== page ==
Lithuanian composer and painter Mikalojus Konstantinas Čiurlionis had a short, yet very prolific life (he was just 35 when he died in 1911). He considered himself a synesthete, in that he perceived colours and music simultaneously. Čiurlionis composed about 400 pieces of music, mostly for the piano, and he also created 300 paintings – many with musical names. In addition, he wrote literary works and poems. An asteroid – 2420 Čiurlionis – was named after him. Few artists have left such deep influence on Lithuanian culture.
Petras Geniušas and Liudas Mockūnas at the Lithuanian Embassy in Washington, DC Photo Ludo Segers

Among Čiurlionis’ music his two symphonic poems, The Sea in the Forest, are often performed. It is these works that inspired two of Lithuania’s foremost contemporary performers, pianist Petras Geniušas and tenor saxophonist Liudas Mockūnas, to revisited Čiurlionis’ music in their own way. This turned out to be a musical treat for the audience that gathered on Saturday, 25 October in the Lithuanian Embassy on a pleasant Washingtonian autumn evening. This concert was part of a short North American tour that saw the duo perform earlier this week in New York City and will also see them travel to New Orleans and Houston.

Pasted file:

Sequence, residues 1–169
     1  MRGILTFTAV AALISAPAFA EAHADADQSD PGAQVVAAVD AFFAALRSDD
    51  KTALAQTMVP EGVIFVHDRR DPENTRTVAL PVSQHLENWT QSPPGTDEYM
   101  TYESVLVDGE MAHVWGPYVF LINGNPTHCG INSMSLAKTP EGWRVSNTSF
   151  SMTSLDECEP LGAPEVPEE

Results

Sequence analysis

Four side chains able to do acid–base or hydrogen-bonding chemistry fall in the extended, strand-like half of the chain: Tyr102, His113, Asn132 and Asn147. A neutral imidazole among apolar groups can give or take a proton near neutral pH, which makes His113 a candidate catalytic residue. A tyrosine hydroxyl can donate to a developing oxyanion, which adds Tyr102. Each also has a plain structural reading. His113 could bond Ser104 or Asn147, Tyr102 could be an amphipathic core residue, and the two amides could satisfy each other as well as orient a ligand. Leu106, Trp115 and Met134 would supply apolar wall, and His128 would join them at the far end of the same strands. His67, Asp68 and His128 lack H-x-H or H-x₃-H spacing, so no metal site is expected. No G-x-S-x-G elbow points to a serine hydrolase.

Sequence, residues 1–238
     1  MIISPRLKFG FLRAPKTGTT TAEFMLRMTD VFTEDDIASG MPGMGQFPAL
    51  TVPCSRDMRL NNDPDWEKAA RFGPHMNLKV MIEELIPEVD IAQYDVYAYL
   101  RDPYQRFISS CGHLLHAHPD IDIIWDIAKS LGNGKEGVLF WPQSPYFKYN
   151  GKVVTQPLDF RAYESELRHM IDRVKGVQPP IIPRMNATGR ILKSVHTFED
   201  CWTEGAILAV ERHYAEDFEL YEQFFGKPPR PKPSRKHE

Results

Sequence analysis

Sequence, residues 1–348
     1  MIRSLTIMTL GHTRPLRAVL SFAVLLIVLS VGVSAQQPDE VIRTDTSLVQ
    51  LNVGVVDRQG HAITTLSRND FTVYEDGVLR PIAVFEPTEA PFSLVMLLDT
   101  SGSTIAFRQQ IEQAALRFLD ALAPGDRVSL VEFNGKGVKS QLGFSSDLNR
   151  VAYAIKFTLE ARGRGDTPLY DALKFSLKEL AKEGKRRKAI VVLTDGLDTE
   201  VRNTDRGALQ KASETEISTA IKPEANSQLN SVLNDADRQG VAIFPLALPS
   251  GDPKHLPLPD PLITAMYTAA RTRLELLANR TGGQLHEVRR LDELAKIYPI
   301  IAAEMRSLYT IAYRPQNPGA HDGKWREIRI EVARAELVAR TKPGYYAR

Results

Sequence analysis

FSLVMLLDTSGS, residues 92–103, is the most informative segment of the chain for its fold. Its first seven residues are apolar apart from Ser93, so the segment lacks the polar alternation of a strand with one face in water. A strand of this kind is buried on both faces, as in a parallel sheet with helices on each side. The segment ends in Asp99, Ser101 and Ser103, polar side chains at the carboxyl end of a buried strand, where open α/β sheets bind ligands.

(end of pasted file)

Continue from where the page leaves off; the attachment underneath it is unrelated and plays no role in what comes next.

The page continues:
With their ‘The Sea in the Forest’ project, Geniušas and Mockūnas found inspiration in Čiurlionis’ music but used this to explore these works further with their very own interpretations. Petras Geniušas, said during his introduction that about 20 percent of Čiurlionis’ original work was retained in this project, whilst the duo contributed the other 80 percent. One could call it a crossover musical project - not a new concept per se; Michel Legrand, the Modern Jazz Quartet, even ELP come to mind - but the duo used different styles and succeeded remarkable in bringing together elements of a wide range of classical music and jazz. Liudas Mockūnas improvisations reached well beyond the conventional and the intensity of his performance reached levels rarely seen in today’s live performances. Petras Geniušas is probably one of Lithuania’s most talented and accomplished present-day pianists. His insights and experience in a wide-range of solo and orchestral works provided the right counter balance to Mockūnas’ improvisations in an evening that captivated an enthusiastic American and Lithuanian audience.

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